How much can I afford?
much should you spend on a new car? Not more than 20 percent of monthly
income, say experts. To calculate monthly payments, you should factor
in proposed purchase price, the down payment, interest rate and term of
your loan. Check out our Finance Calculator link to calculate your
monthly payment or the purchase price you can afford.
How much should my down payment be?
new car loses a significant amount of its value when you drive it off
the lot. That's where the down payment -- the amount of cash you bring
to the purchase -- comes in. You should plan on putting down at least 20
percent of the purchase price. With that much down, a buyer should
begin to see positive equity about two years into a four-year loan,
assuming the vehicle's kept in good shape. If you can't put down 20
percent, scrape up as much cash as you can and keep the term of the loan
as short as possible.
After I select my vehicle, what steps do I take to lease or finance it with Dewey Ford?
you select a vehicle you can apply for leasing or financing online or
at the dealership. To apply online, click on our Credit Application tab.
What happens if my new vehicle hasn't arrived yet when my current lease is ending?
may have the option of extending your lease for a month until your
vehicle arrives. All you need to do is contact a Lease End
representative to discuss your options.
What happens if I terminate my lease early?
on the terms of your lease agreement, you may have various options
available to end the lease early. Please note you may have to pay a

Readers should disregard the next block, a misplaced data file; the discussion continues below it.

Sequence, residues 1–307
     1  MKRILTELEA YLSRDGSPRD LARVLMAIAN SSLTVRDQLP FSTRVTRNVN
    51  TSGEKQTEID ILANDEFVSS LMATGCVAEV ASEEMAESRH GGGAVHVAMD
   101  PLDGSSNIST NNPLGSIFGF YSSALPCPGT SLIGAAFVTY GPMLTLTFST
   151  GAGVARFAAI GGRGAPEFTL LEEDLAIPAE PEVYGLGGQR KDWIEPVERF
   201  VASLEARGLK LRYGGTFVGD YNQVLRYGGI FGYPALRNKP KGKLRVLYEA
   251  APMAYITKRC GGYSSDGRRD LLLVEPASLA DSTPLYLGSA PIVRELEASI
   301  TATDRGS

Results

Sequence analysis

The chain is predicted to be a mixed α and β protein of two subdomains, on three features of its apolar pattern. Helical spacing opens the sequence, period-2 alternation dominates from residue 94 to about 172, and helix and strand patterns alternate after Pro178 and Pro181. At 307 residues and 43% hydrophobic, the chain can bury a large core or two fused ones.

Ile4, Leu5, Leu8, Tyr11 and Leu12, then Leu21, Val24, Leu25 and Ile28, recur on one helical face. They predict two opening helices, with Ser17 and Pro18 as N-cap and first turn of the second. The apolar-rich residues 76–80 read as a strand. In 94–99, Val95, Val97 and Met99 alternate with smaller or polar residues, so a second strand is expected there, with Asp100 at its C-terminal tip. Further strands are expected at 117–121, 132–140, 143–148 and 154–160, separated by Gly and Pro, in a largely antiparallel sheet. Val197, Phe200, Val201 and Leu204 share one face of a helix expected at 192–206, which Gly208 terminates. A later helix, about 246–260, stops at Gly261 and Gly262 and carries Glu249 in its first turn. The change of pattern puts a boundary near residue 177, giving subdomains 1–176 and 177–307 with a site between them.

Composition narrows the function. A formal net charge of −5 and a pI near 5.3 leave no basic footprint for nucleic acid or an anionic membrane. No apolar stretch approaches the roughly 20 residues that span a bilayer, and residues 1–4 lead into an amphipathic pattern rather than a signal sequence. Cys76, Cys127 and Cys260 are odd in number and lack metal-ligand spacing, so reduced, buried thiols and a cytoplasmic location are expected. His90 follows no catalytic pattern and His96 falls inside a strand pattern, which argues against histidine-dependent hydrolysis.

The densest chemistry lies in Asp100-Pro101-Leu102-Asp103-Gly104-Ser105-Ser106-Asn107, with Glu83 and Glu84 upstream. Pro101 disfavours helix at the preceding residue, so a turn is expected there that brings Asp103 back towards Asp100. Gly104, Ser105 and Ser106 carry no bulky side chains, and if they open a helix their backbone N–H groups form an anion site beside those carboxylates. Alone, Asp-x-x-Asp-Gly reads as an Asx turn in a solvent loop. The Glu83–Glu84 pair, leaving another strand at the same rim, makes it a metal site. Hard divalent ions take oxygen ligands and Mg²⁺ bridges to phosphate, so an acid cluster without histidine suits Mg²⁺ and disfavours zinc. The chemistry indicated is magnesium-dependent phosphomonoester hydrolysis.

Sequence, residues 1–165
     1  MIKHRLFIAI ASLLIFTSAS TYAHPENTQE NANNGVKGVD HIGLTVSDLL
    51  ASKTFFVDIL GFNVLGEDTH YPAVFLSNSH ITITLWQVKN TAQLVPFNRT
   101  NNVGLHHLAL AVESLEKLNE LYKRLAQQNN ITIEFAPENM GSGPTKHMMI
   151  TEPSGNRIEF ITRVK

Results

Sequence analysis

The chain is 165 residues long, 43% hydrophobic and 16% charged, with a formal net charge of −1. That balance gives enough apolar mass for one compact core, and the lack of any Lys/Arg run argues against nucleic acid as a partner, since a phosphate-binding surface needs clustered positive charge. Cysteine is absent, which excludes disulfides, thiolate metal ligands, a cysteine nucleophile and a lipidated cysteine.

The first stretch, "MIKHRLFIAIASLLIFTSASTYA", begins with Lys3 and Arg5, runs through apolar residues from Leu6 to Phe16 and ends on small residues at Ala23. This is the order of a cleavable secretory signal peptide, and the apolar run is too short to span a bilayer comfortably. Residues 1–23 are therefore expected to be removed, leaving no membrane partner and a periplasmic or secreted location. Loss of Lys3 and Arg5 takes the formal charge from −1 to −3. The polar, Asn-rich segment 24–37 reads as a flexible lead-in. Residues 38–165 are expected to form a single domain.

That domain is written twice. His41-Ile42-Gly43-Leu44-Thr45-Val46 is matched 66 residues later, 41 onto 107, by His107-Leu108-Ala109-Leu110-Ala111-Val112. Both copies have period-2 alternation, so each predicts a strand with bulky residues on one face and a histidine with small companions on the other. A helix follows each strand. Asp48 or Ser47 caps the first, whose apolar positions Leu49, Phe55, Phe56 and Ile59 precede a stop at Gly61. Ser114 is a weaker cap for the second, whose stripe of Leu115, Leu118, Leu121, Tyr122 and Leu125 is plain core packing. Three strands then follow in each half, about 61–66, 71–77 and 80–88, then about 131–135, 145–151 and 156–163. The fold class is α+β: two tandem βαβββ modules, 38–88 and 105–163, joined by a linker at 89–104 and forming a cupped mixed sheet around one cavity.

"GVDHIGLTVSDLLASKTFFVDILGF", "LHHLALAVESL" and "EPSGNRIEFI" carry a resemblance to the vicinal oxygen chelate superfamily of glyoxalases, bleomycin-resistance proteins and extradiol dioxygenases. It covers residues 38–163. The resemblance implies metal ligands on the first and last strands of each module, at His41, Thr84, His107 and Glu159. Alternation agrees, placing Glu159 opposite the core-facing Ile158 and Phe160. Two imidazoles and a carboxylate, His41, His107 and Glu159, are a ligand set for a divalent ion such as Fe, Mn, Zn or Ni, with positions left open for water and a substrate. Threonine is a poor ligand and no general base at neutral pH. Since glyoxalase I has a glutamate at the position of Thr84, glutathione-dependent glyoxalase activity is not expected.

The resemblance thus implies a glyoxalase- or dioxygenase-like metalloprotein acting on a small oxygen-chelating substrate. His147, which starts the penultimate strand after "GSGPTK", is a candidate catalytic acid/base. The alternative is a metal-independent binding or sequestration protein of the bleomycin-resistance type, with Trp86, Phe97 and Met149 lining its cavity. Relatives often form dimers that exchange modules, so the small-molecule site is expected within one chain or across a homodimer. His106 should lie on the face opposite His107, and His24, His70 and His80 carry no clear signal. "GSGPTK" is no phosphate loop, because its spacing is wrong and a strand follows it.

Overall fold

substantial charge to end the lease early.
How do I go about purchasing my vehicle at the end of my lease?
vehicle may be purchased at the end of your term by contacting a Lease
End representative. Once requested, we can generate a payoff quote and
fax or mail it to you. When we receive a certified check for the payoff
amount, we can release the title.
charge included in most lease transactions that is either paid upfront
or is included in the total cost of the vehicle. This fee usually covers
a variety of administrative costs such as the costs of obtaining a
credit report, verifying insurance coverage, checking the accuracy and
completeness of the lease documentation, and entering the lease in data
and accounting systems.
Adjusted Capitalized Cost
amount capitalized at the beginning of the lease, equal to the gross
capitalized cost minus the capitalized cost reduction. This amount is
sometimes referred to as the net cap cost.
annualized cost of credit expressed as a percentage in a finance
agreement. In a lease, there is no annual percentage rate or equivalent
loan that is amortized only down to the expected end-of-term value,with
a remaining balance to be paid in a lump sum at the end of the term.
Estimated final payment that covers the remaining expected value of the vehicle.
Base Monthly Payment
portion of the monthly payment that covers depreciation, any amortized
amounts, and rent charges. It is calculated by adding the amount of
depreciation, any other amortized amounts, and rent charges and dividing
the sales/use taxes. Other monthly fees are added to this base monthly
payment to determine the total monthly payment.
called "cap cost." The dollar figure that the lease is based on. It
includes the price of the car plus selected options. Other costs such as
title, license and documentation fees can sometimes be added in.
Capitalized Cost Reduction (Cap Cost Reduction)
sum of any down payment, net trade-in allowance, and rebate used to
reduce the gross capitalized cost. The cap cost reduction is subtracted
from the gross cap cost to get the adjusted cap cost.
Closed-end Lease (Walk-Away Lease)
is a lease in which you are not responsible for the difference if the
actual value of the vehicle at the scheduled end of the lease is less
than the residual value. You may, however, be responsible for excess
wear and excess mileage charges if they apply.
amount charged to cover the vehicle's projected decline in value
through normal use during the lease term as well as other items that are
paid for over the lease term. It is calculated as the difference
between the adjusted capitalized cost and vehicle's residual value. This
amount is a major part of your base monthly payment.